I’ve co-written one fictional novel in the cybersecurity thriller genre with an ex-MI5 agent, called Flatline: The Day London Went Dark. This is the extraordinary tale of how special agents from Britain and the United States come together to prevent World War III (or Global Cyber War I), after amassed Zero Days are triggered following the theft of a stolen Israili dooms cyber-weapon.
In addition to writing novels about cybersecurity, I write extensively as a ghostwriter for United States cyber-security firm Windtalker Security, LLC, which provides leading software and services to the global legal market. All the White Papers on this site are mine. WindtalkerSecurity.com. Here is a click-thru sampling of the articles posted thus far, with many in the pipeline:
Article #1: “FOR HACKERS, CONFIDENTIAL ATTORNEY COMMUNICATIONS ARE EASY PREY”
(Click Here to Read the Whitepaper…)
“Ask hackers why they attack law firms, and their reply — to riff on bank robber Willie Sutton’s famous quip — would no doubt be: ‘Because that’s where the secrets are.’”
“FBI Warnings: Criminal seeks hacker — to break into international law firms…”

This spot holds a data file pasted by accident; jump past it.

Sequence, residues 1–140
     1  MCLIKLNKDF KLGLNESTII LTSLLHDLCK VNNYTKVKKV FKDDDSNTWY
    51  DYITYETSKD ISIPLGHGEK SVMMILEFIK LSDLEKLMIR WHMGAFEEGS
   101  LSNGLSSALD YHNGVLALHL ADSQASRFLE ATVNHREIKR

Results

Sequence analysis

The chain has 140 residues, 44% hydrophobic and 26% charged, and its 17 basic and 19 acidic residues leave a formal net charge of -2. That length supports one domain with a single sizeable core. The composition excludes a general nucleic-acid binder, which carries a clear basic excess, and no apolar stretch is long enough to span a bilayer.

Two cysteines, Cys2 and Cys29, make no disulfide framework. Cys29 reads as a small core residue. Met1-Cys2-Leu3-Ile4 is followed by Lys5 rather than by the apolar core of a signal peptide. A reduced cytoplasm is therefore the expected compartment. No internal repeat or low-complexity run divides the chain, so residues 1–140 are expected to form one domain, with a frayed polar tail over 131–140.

“A Russian cybercriminal has targeted nearly 50 elite law firms, including four in Chicago, to collect confidential client information for financial gain.”
“Hackers broke into the computer networks at some of the country’s most prestigious law firms, and federal investigators are exploring whether they stole confidential information for the purpose of insider trading…”
It reads like a monologue for Jimmy Fallon’s late night show, except these quotes are dire warnings from the American Bar Association’s official website, posted almost a year ago under the worrisome title, “CYBERSECURITY: ETHICALLY PROTECTING YOUR CONFIDENTIAL DATA IN A BREACH-A-DAY WORLD.”
Article #2: “SHORE v. JOHNSON & BELL THE CATASTROPHIC POTENTIAL OF CYBERSECURITY LAPSES AT PROFESSIONAL SERVICES FIRMS”
Johnson & Bell, a venerable Chicago law firm of 100 plus attorneys had been sued for inadequate cybersecurity, i.e., for failing to protect the security and confidentiality of its thousands of clients and former clients. Curiously the plaintiffs, two former clients who had paid the firm a mere $30,000 in fees (peanuts for firms of the size and stature of Johnson & Bell), claimed no actual damages — and claimed no negligence in the underlying legal representation they had received.
But they didn’t need to, at least according to the averments made in the originally sealed but later unsealed complaint. The book of remedies permitted much more, and that’s what plaintiffs went after: injunctive relief, notification of all the firm’s thousands of clients, of the law firm’s below-standard data and info-security systems, and disgorgement of all legal fees earned during the two-year period of inadequate cyber-security (measured by the profits pocketed by the firm for insufficient budgeting and spending on cybersecurity).